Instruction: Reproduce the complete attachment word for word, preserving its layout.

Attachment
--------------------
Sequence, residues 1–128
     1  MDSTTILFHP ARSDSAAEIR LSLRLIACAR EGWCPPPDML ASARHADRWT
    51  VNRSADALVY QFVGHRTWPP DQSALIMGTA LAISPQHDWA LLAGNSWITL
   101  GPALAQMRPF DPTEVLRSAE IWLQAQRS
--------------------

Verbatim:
Sequence, residues 1–128
     1  MDSTTILFHP ARSDSAAEIR LSLRLIACAR EGWCPPPDML ASARHADRWT
    51  VNRSADALVY QFVGHRTWPP DQSALIMGTA LAISPQHDWA LLAGNSWITL
   101  GPALAQMRPF DPTEVLRSAE IWLQAQRS